Monday, June 15, 2009

Duende & Saudade in American Poetry

Edward Hirsch's excellent Poet's Choice column yesterday has me thinking about these neglected dimensions in discussions of contemporary poetry, what I think of as the question of a poem's emotive undertones. It reminds me of Emily Dickinson's reply to Thomas Higginson as to how she defined poetry: “If I read a book and it makes my whole body so cold no fire can ever warm me, I know that is poetry. If I feel physically as if the top of my head were taken off, I know that is poetry."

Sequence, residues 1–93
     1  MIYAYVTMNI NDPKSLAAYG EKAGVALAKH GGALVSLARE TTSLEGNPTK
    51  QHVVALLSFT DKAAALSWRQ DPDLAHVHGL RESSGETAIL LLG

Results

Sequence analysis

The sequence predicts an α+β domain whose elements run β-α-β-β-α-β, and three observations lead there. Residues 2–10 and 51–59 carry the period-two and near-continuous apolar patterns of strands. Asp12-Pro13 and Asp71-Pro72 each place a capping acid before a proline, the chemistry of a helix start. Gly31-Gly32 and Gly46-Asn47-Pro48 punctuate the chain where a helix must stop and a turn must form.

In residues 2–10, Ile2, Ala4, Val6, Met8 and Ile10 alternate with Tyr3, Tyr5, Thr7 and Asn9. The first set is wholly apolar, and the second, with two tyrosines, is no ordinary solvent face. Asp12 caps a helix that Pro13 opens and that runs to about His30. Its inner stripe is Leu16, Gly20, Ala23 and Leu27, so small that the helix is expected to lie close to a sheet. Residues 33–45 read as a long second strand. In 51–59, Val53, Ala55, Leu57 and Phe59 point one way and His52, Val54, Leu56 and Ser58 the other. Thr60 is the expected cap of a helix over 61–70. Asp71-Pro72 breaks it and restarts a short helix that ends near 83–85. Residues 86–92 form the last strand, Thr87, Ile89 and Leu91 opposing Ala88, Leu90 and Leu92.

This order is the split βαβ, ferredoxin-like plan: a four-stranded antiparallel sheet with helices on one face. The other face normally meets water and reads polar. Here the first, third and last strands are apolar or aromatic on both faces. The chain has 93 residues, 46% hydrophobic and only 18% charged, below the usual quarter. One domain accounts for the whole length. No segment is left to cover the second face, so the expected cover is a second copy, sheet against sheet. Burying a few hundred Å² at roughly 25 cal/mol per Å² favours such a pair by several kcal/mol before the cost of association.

Duende is of course Lorca's term for the experience of the reader being seized by "dark" qualities in the work, by which I understand him to mean mysterious, indefinable qualities. Saudade is a Portuguese term that is sometimes (poorly) translated into English as "the blues." And yet a Brazilian bossa nova song can have plenty of saudade, though it makes you want to get up and move.

Interesting, thought-provoking article.